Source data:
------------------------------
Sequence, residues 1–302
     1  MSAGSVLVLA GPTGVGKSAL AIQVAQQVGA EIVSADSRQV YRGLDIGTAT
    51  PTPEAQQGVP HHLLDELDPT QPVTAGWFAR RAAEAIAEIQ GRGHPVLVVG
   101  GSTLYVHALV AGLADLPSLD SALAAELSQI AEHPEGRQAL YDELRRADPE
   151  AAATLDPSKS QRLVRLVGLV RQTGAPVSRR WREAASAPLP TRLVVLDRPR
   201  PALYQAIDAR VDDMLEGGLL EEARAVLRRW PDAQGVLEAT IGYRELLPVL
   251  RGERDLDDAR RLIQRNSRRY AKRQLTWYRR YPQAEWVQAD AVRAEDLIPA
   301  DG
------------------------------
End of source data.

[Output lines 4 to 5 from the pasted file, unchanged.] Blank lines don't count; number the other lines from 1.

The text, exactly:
   101  GSTLYVHALV AGLADLPSLD SALAAELSQI AEHPEGRQAL YDELRRADPE
   151  AAATLDPSKS QRLVRLVGLV RQTGAPVSRR WREAASAPLP TRLVVLDRPR